Around 1975 the inspection of the completely disordered freemason stock, composed of thousands of
documents, files, protocols, rituals, membership lists and other materials began. The result of this work, from
1975 until 1993, is - inter alia - an index which allows systematic access to the material. Also an inventory list of all those freemasonic objects integrated into the "Geheimes Staatsarchiv, Preußischer Kulturbesitz" (Secret
State Archive, Prussian Cultural Property). We owe this extensive work to the scientific archivists Renate Endler and Elisabeth Schwarze-Neuß and to the general archivist Bettina Ehrentraut, who were in charge of the freemasonic material at the "Preußisches Staatsarchiv Merseburg" (Prussian State Archives Merseburg). This is the first self-contained central archive in the 250 years of history of German freemasons which is now kept in Berlin-Dahlem and, as it is, shall remain there for the future. 

Since 1989 it is possible to search for and look at freemason documents in the Special Archive in Moscow.
Different publications with extraordinarily detailed lists give proof of the existence of freemason documents in
Moscow.2 The article by von Jena and Lenz state that 14,550 index units of freemason files and single
documents are still situated in Moscow. Also among those is volume X of the so-called "Schwedenkiste"
(Swedish Box), which played an important role in the history of the freemasons. This is mainly a collection of
files, letters and documents of the Order of the Illuminati, founded by Adam Weishaupt during the second half of the 18th century, which systematically infiltrated the lodges of those days. For this reason and because quite a number of distinguished freemasons were - at least for some time - members of this order, the Illuminati have become an essential part of the history of the freemasons. 

Wilson3 mentions the following details about the mysterious "Schwedenkiste": "The history of the
'Schwedenkiste' is quite an adventurous one for archival material. The leading Illuminate Bode of Weimar died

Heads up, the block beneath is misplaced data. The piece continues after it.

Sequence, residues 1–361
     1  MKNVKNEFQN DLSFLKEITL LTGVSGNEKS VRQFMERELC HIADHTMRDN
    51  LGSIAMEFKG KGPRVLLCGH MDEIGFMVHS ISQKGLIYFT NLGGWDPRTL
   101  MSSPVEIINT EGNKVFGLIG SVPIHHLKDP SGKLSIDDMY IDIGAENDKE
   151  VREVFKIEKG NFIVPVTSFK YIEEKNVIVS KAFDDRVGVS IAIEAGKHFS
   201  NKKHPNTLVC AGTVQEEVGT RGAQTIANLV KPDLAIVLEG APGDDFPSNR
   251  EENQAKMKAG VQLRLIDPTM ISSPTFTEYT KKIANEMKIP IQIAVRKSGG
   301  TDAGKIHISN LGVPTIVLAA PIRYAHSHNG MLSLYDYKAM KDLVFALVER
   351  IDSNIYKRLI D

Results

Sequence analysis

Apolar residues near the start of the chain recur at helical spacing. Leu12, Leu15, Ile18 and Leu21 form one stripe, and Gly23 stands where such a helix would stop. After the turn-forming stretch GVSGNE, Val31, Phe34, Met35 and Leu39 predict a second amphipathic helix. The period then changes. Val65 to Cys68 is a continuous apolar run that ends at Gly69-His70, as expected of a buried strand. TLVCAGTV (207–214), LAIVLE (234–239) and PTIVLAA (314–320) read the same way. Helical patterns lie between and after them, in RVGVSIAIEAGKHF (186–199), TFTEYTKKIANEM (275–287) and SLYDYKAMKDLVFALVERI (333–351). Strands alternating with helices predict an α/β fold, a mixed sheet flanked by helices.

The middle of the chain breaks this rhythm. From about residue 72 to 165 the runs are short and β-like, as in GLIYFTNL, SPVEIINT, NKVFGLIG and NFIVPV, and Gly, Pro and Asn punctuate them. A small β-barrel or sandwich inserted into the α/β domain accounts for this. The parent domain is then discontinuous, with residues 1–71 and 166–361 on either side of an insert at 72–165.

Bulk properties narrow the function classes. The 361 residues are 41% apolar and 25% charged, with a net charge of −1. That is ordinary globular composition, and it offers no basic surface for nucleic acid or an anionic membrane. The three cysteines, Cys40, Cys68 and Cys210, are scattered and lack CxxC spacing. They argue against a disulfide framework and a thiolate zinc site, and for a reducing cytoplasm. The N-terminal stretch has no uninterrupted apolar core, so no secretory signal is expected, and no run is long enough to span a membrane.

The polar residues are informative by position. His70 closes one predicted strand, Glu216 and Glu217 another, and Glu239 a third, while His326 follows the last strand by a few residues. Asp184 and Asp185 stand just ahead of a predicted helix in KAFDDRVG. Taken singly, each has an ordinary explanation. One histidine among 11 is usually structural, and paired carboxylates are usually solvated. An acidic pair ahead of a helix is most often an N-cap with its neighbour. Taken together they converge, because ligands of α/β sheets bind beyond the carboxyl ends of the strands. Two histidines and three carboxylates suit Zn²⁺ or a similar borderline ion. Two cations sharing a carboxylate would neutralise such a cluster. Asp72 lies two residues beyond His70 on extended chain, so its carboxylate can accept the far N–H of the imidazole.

in December 1793. His estate included the most important part of the correspondence of the Order of the
Illuminati of Gotha and Weimar. These papers became the property of the other leading Illuminate Herzog Ernst v. Gotha, where they were kept safely. After his death in 1804 his own estate together with Bode's documents was handed over to the archive of the Grand National Lodge of Sweden, because Herzog Ernst was convinced that his heritage was not safe from publication in any of the German lodges. Under the supervision of the Swedish king Karl XIII. though, it was guaranteed that no information would ever reach the public. Some years later, in 1880, Herzog Ernst II. of Saxony Coburg Gotha (great-grandchild of the Illuminate Herzog of Saxony Coburg Gotha and Altenburg) asked for the documents to be returned, and three years later, in 1883, the stock became property of the lodge "Ernst zum Kompaß" in Gotha. Following the order of the Herzog, the material was put in order in 20 volumes. Later, in 1909, Reverend Carl Lepp added quite useful registers and lists of documents; the material was then named "Schwedenkiste". Also in the freemason archive in Gotha the files were strictly kept under lock and key since the Herzog ordered the lodge not to allow any publication whatsoever. This obligation was solely taken seriously in the 1920's and 1930's, the time of the idea of total conspiracy. Until before World War I, a number of researchers, mainly freemasons, were allowed to work with the content of the "Schwedenkiste". Among them were the restorer of the Order of the Illuminati, Leopold Engel, and the French author of the early, exhaustive work on the Illuminati, Rene Le Forrestier (who was not a freemason). (..) On March 20th, 1936, the documents were confiscated within the framework of the national socialist persecution of the freemasons. (...) In 1945 they were then transported to the Soviet Union". 

We have to assume that in the years 1934/35 all the possessions of the freemasons were confiscated by the
National Socialists. Everything, packed in boxes ended up in cellars, air-raid shelters and other store-rooms. A few items though were hidden by freemasons hoping for better times to come. Some single objects do appear here and there in antiquarian book shops and in the antique trade. Nearly all books have been found by now. Most of the still missing documents and other material are kept in Moscow, and today there is no justifiable reason to hold them back any longer. 

It is difficult to investigate if at all and to which extent further possessions of the German freemasons do exist in
other countries. In Poland freemason objects from Pomerania, Silesia, Brandenburg, West and East Prussia
were brought together to a library near Poznan with about 80,000 German freemason books. This library exists since 1984 and keeps close contact with the Freemason Museum in Bayreuth. The keeping of these books in Poland is not considered a loss, since these editions also do exist in German freemason libraries.